They need time to grow into it, he says; there has to be an overlap. “What I’ve seen work really well is they become part of the management team and help in making some of the decisions,” Harrell says. “It may be formal, or informal. But not just: ‘Here it is, do or die.’”

Being clear on a realistic timeframe of a future transition is also critical. You’re not just planning for an emergency, involving the key person dying or becoming incapacitated, but for their retirement years. “They are not the child forever,” Gardner says, of successor generations. “They need to be able to provide for themselves and their own family.”

When clients have skipped this step, Gardner has seen their adult children get impatient and move on.

What works and what doesn’t

One example of a smooth transition involved a father and a son in a family farm that went back a few generations, Gardner says. The son had built his own operation and they farmed jointly. The young man was ready for his own financing and was preparing to get his own equipment as his responsibilities grew with the family operation. There was another child who was not involved in the farm to consider and the father also wanted to provide for their mother.

The father answered the question about his expectations and brought the family together to share his plan. He said who was likely to get what and told his children how he wanted their mother cared for. His vision included a plan to eventually pass the operation down to the grandchildren, if they chose the farming life. All the documents were drawn up to make the transition smoother, and everyone was supportive, Gardner says.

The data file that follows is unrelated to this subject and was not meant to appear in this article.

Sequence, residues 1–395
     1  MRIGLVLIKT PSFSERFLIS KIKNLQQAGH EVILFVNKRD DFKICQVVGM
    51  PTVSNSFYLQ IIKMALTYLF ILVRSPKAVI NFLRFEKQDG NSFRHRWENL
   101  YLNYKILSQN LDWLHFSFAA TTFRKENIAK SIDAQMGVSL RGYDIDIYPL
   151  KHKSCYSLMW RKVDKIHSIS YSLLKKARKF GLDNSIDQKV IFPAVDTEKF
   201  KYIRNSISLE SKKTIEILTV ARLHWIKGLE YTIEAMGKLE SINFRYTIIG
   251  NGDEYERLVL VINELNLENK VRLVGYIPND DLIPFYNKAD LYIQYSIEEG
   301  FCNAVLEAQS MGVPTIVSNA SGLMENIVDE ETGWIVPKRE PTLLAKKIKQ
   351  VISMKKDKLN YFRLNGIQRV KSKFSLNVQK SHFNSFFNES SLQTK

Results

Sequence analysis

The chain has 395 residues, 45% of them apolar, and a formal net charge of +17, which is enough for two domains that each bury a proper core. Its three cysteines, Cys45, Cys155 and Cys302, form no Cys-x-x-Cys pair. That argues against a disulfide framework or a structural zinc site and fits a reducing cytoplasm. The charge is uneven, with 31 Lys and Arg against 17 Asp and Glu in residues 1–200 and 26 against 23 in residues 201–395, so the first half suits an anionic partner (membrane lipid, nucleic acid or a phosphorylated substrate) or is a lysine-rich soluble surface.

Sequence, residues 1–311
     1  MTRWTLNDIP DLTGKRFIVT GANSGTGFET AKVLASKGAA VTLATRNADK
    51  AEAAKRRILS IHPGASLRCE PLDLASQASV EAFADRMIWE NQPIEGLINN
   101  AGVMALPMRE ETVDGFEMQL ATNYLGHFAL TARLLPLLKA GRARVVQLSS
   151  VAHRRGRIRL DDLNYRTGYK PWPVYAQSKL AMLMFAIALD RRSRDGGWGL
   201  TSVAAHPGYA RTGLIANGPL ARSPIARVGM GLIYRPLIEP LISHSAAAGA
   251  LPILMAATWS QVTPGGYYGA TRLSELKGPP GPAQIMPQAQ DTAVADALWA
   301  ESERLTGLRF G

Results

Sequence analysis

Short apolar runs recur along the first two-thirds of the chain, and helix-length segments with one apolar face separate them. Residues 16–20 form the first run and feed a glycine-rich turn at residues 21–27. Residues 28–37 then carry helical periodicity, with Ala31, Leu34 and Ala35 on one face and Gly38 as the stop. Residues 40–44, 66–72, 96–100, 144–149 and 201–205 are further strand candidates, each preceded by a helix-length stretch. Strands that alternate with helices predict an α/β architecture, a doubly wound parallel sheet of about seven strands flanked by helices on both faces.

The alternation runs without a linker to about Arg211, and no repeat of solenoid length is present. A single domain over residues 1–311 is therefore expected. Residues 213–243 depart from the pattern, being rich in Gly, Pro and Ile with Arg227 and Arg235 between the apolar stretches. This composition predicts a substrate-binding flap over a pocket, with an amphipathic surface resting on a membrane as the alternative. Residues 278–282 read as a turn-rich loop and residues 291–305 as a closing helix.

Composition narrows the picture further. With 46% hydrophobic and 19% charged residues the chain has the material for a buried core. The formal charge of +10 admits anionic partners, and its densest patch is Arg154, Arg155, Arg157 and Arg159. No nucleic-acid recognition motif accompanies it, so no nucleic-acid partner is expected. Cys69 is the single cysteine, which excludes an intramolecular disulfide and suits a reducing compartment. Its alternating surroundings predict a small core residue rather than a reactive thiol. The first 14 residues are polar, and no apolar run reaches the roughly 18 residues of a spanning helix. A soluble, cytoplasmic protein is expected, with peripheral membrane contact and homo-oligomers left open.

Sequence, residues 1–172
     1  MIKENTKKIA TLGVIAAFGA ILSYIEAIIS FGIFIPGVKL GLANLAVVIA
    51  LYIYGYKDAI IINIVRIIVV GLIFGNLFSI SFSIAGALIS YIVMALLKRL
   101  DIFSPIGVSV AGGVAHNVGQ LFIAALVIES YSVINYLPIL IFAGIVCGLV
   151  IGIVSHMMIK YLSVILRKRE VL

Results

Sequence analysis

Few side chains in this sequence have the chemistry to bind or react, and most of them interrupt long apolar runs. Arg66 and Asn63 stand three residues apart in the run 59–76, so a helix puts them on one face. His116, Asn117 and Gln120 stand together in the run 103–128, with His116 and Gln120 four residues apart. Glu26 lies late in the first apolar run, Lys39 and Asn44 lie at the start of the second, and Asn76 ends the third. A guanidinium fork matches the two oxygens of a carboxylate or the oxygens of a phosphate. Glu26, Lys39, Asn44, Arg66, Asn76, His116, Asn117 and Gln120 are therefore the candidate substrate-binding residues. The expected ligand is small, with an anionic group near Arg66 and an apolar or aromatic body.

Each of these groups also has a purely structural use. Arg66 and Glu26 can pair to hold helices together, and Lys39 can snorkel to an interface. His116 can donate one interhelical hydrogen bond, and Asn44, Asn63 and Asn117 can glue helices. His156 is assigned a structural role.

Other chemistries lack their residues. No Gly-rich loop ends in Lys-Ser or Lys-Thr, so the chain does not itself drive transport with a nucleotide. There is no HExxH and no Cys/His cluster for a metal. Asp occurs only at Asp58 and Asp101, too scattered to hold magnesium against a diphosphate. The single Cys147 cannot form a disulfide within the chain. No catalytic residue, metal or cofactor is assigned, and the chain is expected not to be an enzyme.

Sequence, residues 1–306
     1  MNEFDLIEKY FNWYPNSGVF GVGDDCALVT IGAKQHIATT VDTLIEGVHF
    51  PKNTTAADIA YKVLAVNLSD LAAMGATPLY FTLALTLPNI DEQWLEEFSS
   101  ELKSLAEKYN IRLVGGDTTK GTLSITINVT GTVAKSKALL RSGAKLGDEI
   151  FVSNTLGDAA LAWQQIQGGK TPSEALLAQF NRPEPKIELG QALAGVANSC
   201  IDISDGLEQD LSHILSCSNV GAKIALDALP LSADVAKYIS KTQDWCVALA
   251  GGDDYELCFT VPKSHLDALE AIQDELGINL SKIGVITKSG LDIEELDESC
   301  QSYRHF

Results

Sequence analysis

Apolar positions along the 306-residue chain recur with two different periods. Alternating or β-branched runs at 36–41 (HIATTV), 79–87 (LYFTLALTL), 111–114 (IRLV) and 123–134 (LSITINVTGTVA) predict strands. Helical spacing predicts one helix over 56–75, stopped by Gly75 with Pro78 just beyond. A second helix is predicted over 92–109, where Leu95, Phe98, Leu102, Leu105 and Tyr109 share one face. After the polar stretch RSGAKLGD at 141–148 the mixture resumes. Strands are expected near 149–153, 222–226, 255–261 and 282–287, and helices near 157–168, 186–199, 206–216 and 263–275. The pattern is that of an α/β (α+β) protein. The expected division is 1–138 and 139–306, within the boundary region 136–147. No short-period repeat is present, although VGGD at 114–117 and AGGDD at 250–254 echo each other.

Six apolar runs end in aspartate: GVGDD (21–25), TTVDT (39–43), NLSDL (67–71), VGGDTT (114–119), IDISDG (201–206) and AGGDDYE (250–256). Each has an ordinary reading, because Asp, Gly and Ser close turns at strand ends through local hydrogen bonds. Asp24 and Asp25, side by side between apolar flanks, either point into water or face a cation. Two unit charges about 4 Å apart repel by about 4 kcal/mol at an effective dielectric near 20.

In an opposite extreme, the CPA has seen cases where there was no plan, no expectation mapped out and no family discussion. In some of those cases, the operation continued, but the lack of defined expectations only led to disharmony among the survivors—spouse and adult children, included.

Be clear about priorities

Not every farming family has someone from the next generation interested in running the operation. In one case, Gardner helped put a plan together where the land could be leased and parts put in timber or other long-term type investment. It kept the property together, which was a priority for his client.

Whatever you do, though, don’t skip the family conversation, Gardner says. If you had two families with the same family structure and dynamics and they both came up with an estate plan, the one that would be successful in the long run would have shared a conversation, he says. For the family that doesn’t have a conversation together to talk about succession, “I can guarantee dissatisfaction and family problems,” he says.

Gardner knows it’s painful to think about your own mortality and starting the planning process. But if you don’t, you’re putting everything at risk—including relationships. Says Gardner, “One death can ruin a family.”